TEL AVIV (May. 27)
The Knesset’s Public Audit Committee voted Wednesday that a section on the Lavi fighter plane project severely critical of the decision-making process in military procurement may be included in the annual report of the State Comptroller, due to be published next month.
The vote was a reversal of one taken by the Committee Tuesday to delete that part of the Comptroller’s report from the public document. That had been the wish of the six members of Likud and Tehiya who outvoted the five Labor and leftwing members of the Committee.
But the Tehiya member, former Chief of Staff Rafael Eitan, agreed Wednesday to change his vote under a compromise proposed by the Laborites. It will permit publication of the section on the Lavi only if the Cabinet has by then reached a decision on the future of the project.
Maariv reported Wednesday that the State Comptroller’s findings on the Lavi project from its inception in 1980, constitutes probably the gravest indictment of government actions ever made by the public watchdog. It casts a heavy shadow on the governments in office since 1980, particularly the Defense Ministers.
According to Maariv, the Comptroller found that the initial decision by the Defense Ministry in 1980 to build the Lavi took no account of the economic aspects of the project, including export possibilities, or of alternative projects.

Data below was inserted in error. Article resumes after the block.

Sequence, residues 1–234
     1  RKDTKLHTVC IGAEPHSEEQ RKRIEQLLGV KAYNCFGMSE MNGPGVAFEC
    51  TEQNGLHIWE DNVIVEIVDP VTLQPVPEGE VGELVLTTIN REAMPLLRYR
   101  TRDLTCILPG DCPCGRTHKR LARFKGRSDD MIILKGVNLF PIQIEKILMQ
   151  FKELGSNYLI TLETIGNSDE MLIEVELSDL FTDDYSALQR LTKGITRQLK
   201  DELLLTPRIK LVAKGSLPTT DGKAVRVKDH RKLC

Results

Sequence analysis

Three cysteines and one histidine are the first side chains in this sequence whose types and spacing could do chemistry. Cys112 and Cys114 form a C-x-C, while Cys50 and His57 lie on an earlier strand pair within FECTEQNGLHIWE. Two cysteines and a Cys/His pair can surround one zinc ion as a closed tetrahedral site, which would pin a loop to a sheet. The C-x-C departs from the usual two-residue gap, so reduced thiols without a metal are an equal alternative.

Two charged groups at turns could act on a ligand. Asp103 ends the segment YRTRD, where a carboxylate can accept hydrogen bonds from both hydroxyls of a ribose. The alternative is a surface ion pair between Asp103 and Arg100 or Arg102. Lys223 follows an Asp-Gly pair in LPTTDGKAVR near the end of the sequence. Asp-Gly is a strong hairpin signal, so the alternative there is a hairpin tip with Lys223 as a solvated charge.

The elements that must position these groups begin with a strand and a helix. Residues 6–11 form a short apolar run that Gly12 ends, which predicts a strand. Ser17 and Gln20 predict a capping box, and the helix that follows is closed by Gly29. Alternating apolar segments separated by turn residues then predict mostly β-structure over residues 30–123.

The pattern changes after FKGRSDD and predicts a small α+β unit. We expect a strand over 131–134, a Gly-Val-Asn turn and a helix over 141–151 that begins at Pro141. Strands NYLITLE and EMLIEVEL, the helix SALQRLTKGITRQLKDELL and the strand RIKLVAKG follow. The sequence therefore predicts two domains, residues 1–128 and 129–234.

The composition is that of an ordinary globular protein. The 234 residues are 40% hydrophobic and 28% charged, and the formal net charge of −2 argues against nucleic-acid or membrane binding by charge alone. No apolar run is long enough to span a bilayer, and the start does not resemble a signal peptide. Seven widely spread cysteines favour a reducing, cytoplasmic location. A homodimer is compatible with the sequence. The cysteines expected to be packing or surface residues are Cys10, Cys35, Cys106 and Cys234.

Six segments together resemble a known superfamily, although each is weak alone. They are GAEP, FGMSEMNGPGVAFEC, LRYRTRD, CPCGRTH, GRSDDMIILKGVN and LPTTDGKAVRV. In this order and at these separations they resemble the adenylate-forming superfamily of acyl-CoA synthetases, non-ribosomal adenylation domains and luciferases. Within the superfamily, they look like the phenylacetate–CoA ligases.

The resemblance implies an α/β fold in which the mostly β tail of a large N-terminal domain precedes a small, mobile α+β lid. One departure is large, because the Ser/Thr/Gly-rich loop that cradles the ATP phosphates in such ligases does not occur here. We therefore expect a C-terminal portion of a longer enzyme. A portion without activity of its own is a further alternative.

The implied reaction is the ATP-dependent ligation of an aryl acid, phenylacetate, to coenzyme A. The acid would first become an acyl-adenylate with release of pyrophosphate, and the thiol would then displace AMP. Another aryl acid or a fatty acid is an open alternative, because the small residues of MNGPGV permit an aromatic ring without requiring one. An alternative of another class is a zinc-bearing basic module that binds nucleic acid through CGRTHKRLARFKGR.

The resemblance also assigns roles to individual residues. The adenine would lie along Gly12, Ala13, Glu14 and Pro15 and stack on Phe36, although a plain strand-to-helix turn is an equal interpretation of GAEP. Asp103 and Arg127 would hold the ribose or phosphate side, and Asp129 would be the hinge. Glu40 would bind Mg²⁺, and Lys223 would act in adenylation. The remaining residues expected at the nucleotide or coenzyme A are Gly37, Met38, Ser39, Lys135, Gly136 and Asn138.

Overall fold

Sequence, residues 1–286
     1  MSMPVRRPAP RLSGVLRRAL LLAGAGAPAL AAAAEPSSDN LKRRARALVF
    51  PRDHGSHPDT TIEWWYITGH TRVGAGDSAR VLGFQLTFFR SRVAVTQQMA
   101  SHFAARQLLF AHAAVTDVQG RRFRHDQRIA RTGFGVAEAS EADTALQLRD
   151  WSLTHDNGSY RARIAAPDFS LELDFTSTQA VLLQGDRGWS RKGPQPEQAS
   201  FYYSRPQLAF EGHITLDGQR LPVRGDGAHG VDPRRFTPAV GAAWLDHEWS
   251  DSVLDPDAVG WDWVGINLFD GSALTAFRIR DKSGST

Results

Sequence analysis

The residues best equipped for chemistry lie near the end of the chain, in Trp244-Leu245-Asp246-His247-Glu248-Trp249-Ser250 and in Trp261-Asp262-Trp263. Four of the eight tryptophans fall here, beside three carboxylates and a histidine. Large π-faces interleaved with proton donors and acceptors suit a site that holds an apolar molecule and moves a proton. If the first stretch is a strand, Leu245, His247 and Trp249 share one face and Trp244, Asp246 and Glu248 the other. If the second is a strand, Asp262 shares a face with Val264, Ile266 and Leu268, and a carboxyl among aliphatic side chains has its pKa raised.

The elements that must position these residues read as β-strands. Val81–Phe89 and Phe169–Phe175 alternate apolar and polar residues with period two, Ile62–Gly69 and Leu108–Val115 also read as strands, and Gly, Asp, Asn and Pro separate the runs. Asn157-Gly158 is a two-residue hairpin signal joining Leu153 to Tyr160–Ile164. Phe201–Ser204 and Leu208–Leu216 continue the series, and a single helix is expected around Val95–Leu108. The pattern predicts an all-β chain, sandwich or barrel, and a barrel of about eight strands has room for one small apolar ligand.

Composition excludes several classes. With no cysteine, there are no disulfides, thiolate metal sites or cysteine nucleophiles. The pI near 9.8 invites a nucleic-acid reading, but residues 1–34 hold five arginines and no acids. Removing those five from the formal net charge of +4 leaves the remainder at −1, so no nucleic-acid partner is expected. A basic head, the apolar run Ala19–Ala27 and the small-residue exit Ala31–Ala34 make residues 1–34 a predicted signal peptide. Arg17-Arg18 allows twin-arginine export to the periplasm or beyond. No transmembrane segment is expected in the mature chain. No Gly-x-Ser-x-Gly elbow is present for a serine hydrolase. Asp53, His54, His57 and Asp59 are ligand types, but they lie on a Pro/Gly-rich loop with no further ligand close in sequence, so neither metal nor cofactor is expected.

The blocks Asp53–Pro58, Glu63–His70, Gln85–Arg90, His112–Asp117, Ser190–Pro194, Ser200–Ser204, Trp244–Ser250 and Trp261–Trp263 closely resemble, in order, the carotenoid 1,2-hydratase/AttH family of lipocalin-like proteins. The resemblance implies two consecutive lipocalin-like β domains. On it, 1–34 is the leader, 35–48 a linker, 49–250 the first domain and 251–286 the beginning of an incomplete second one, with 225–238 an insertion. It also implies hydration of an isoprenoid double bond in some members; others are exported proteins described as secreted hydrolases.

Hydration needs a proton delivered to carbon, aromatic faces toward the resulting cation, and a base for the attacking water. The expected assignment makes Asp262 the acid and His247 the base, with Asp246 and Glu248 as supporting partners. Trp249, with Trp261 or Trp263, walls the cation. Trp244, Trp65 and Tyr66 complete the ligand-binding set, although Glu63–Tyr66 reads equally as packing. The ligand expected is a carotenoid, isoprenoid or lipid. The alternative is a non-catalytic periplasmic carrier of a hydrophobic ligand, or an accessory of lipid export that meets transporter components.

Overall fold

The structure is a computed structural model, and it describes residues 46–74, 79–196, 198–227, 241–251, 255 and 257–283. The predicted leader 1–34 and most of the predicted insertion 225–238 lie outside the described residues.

There was no examination of the Lavi’s impact on future defense programs nor was there cooperation between the Defense and Finance ministries on the costs, financing and technology of the project, according to the report.
Maariv reported that the Comptroller found, in addition, that there was no examination of the defense establishment’s long-term budget with respect to the Lavi’s engine nor was there any professional discussion between the Israel Defense Force’s planning departments and the Air Force about the suitability of the plane in a future war. Although the project did not meet the operational requirements of the Air Force, it was never brought before the Ministerial Defense Committee after 1980, Maariv reported. The decision to continue the project was made at a time when the government knew that General Dynamics in the U.S. was to submit alternative proposals for the manufacture of F-16s in Israel.
When that proposal was submitted, it was not given in-depth consideration, the Comptroller said, according to Maariv.
Finally, the Comptroller stated that all stages of the project lacked control mechanisms to warn of cost overruns. Only in 1985 was it discovered that the Lavi’s cost would exceed original estimates by 100 percent, Maariv reported.
The Lavi, Israel’s second-generation jet fighter plane, is already in serious trouble with the defense–establishment,.. which claims it…is diverting funds from other major weapons systems Israel will need in any future war.